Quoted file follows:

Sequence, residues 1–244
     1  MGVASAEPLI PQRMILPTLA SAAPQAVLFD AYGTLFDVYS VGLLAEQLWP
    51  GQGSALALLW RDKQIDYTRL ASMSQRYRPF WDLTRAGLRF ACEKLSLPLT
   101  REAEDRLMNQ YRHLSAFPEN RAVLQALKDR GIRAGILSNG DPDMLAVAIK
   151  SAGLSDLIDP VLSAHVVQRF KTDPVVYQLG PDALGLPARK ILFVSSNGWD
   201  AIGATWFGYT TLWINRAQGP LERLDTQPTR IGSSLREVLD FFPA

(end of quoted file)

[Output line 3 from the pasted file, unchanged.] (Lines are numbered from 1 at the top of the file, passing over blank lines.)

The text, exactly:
    51  GQGSALALLW RDKQIDYTRL ASMSQRYRPF WDLTRAGLRF ACEKLSLPLT